Traditional techniques for monitoring wildlife populations are temporally and spatially limited. Alternatively, in order to quickly and accurately extract information about the current state of the environment, tools for processing and recognition of acoustic signals can be used. In the past, a number of research studies on automatic classification of species through their vocalizations have been undertaken. In many of them, however, the segmentation applied in the preprocessing stage either implies human effort or is insufficiently described to be reproduced. Therefore, it might be unfeasible in real conditions. Particularly, this paper is focused on the extraction of local information as units --called instances-- from audio recordings. The methodology for instance extraction consists in the segmentation carried out using image processing techniques on spectrograms and the estimation of a needed threshold by the Otsu's method. The multiple instance classification (MIC) approach is used for the recognition of the sound units. A public data set was used for the experiments. The proposed unsupervised segmentation method has a practical advantage over the compared supervised method, which requires the training from manually segmented spectrograms. Results show that there is no significant difference between the proposed method and its baseline. Therefore, it is shown that the proposed approach is feasible to design an automatic recognition system of recordings which only requires, as training information, labeled examples of audio recordings.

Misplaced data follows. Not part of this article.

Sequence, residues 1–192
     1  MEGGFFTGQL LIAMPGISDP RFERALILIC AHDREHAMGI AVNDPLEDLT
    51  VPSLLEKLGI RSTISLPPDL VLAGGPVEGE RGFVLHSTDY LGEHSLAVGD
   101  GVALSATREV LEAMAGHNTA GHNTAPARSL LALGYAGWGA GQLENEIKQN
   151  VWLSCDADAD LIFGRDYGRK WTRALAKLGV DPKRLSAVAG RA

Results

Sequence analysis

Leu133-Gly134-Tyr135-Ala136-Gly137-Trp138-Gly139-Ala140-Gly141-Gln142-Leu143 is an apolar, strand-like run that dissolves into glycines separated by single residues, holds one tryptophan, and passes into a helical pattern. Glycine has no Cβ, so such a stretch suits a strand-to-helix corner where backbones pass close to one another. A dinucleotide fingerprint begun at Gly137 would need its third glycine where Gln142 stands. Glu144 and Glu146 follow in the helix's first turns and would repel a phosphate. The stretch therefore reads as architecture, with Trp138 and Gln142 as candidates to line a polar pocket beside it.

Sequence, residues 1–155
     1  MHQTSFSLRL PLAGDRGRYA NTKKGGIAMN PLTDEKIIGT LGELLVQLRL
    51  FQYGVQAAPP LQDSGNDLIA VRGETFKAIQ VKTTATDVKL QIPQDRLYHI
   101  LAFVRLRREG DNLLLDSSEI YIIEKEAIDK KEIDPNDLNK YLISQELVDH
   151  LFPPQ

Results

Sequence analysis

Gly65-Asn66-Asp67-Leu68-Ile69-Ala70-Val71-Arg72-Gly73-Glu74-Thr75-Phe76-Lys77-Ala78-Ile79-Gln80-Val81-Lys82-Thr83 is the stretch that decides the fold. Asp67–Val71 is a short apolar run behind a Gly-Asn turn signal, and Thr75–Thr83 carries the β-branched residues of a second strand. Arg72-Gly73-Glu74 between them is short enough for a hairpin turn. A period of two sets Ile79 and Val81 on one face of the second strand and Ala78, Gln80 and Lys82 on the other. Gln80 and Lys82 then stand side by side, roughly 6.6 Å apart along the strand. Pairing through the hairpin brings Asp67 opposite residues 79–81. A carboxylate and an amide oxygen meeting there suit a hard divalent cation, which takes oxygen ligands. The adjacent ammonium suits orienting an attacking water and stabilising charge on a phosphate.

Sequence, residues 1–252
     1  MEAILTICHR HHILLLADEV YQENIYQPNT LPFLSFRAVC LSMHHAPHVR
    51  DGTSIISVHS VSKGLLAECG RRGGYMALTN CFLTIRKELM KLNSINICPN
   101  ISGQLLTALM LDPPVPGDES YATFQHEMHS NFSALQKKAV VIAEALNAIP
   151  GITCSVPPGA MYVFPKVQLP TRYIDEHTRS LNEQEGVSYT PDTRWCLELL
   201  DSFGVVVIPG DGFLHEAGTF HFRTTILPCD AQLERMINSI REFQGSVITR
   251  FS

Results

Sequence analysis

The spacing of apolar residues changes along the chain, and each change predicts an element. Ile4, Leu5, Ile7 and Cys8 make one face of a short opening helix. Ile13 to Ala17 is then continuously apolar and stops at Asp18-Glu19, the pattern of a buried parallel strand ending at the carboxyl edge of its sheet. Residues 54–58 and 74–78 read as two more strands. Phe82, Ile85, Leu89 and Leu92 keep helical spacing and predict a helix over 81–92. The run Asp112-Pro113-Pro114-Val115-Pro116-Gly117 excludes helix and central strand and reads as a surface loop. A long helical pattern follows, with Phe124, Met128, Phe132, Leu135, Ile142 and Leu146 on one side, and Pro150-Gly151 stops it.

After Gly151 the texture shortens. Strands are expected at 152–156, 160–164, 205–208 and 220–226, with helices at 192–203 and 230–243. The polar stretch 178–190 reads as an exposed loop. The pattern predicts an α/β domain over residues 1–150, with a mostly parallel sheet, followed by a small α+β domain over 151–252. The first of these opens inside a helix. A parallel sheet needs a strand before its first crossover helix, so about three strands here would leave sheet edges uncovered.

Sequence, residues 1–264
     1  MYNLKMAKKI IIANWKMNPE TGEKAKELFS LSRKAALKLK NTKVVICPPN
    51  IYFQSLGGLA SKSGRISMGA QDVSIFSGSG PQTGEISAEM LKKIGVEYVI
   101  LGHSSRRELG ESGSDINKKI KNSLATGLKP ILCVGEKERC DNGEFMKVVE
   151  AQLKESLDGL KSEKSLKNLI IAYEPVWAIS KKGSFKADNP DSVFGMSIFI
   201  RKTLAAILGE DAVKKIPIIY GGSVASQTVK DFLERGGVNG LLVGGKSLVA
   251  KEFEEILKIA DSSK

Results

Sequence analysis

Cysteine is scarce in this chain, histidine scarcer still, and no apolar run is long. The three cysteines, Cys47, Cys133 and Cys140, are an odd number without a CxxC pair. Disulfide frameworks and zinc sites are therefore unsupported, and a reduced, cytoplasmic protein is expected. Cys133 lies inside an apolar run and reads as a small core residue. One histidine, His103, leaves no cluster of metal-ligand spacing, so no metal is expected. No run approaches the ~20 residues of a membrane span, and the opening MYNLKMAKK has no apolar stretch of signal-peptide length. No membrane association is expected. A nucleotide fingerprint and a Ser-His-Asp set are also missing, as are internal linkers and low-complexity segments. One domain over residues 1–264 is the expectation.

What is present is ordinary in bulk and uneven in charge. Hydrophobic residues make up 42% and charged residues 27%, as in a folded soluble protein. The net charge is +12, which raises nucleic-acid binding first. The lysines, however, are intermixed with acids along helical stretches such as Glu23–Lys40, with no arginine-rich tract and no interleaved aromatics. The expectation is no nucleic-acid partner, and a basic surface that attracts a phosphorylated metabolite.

Future Tense is a partnership of Slate, New America, and Arizona State University that examines emerging technologies, public policy, and society. Over two days of testimony before Congress earlier this month, Facebook founder and CEO Mark Zuckerberg dodged a litany of questions from lawmakers about how the data of 87 million Americans ended up in the hands of voter profiling firm Cambridge Analytica. The spectacle put a spotlight on the company's murky data-collection and sharing practices, and sparked a much-needed discussion about if and how to hold companies accountable for their handling of user data. However much deserved, Facebook has, so far, born the brunt of public scrutiny for what has unfortunately become standard practice for web platforms and services. As the Ranking Digital Rights 2018 Corporate Accountability Index--an annual ranking of the some of the world's most powerful internet, mobile, and telecommunications companies that was released this week--shows, companies across the board lack transparency about what user data they collect and share, and tell us alarmingly little about their data-sharing agreements with advertisers or other third parties.